Rye grass will riled well to and you'll get serval cuts of one planting.
 

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left field suggestion there isn't a dairy farmers son nearby just left school working home on dairy and would mind a little tractor driving and give him a good wage or small percentage and he uses your machinery and you still do as much as you can on your time at home? Saves undoing all your good work of last few years
 

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And here I was, thinking farming full time was a waste of time!!!
Seriously, I think Madsnakes idea of sowing down to a predominantly Ryegrass/white clover pasture and Dry cow/ Dairy heifer/ Young stock ajistment, would be feasible.
Out of those, the young stock (heifers from weaner to yearling size) would probably be best, as they will do less damage to the wet ground in winter.
Of course you will need fences. A two plain wire and steel post electric fence would work o.k.
If my eyes serve me correctly, your ground does look quite sandy. I`m guessing your sandy flat country has a high water table in winter? I have had extensive experience running all types of Cattle on similar coastal country if you have any questions.
 

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Growing lucerne for hay or silage would be an option , you are close to the dairy markets. There is always the option to punt lambs off it as well. But that may not suit as you are on leased ground. Good luck.ps. The latest front has just started raining on us.
 

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Discussion Starter · #16 ·
Cheers everyone...

STO, I like your idea, I will approach the dairy farmer who leased my block when I first got it, and have another guy in mind as well, surely be able to get someone interested for silage, I can plant it, grow it, spray it etc...and no bird damage to worry about....will toss some ideas around.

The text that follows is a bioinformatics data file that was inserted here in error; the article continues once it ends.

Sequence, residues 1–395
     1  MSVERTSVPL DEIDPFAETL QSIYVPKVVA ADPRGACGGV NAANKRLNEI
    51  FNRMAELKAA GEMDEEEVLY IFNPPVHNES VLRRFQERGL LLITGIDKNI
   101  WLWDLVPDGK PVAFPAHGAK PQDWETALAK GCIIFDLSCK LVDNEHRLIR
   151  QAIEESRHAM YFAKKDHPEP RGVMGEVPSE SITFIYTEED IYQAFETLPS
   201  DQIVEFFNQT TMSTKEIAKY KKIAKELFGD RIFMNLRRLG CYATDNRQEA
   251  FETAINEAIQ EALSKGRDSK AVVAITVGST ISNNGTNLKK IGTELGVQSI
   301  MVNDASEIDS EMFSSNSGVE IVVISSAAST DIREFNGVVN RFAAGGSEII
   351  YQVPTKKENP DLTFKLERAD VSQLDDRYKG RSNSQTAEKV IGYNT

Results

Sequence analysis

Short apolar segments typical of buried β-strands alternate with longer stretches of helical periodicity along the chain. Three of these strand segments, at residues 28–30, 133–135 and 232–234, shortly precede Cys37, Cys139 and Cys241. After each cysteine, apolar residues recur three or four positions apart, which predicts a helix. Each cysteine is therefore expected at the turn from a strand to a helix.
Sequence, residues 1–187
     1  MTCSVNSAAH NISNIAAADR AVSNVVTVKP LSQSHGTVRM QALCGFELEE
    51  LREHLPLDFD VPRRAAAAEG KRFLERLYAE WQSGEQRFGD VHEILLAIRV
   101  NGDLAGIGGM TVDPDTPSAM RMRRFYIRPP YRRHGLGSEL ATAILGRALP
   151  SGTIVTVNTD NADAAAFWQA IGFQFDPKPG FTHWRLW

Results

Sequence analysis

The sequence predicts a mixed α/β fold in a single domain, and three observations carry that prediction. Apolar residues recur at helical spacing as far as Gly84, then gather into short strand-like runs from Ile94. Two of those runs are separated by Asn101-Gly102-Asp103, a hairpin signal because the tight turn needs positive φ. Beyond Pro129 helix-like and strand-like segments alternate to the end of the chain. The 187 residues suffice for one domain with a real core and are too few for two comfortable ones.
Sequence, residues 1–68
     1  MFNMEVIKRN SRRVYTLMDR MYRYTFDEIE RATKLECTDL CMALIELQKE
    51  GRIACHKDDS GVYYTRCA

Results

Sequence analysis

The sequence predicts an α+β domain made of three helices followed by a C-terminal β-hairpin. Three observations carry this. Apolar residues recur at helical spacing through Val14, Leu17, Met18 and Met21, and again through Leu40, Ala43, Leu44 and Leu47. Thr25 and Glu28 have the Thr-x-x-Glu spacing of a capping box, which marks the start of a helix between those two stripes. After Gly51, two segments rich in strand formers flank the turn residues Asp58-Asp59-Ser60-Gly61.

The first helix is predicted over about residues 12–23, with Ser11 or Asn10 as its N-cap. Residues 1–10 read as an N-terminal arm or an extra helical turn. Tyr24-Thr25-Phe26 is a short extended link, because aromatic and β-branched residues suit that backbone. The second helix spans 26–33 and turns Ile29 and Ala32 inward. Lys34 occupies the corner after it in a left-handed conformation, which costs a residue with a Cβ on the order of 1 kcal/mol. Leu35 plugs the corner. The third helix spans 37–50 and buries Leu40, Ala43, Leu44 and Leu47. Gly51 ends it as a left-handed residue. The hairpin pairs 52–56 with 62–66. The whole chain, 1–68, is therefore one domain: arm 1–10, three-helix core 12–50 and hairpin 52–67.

Lynas, if agisting, will need to spend some money on fences, plus don't have any cattle yards? There is some next door so that may be an option as well, however not keen on cows they will make a mess.....!!

Sunny, does Lucerne grow under water? I hope so! I am trialling spring barley this year under sown to ML99 and Sequel, spring barley is and option, strip the top off and leave for a month then bale straw and Lucerne mix, I still have the problem of bird damage, so I'm gonna need a partner with a gun license one way or another.

Thanks for the suggestions....it's good to have some ideas

Rain just got here....I'm hoping for less than 25mm but don't like my chances. So pissed I couldn't get seeding depth right at toolondo, the Forrest is cracking, I need a 3-4 row harrow bar for final finish, and a scare gun, they have wiped 5-10 acres absolute bare, incredible, even levelled the dirt...

Ant...
 

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Birds have had a good go at my brennan wheat and Grange barley. Water will be all through last summers potato ground, looks like 12 weeks underwater this year instead of the usual 6.

Spring plant your lucerne. Once it has established well it is pretty forgiving. I also have 10t of Aurora lucerne seed for sale. This tends to reduce the cost of seed if you are interested.
 

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How about Spring corn for wholecrop Silage. Do you have enough heat units to grow Corn there? Dairy farmers love that stuff. You would need plenty of fertilizer.
This would effectively get you by the problem of high watertable waterlogging in winter and the root nutrient tie up problems that you seem to be having.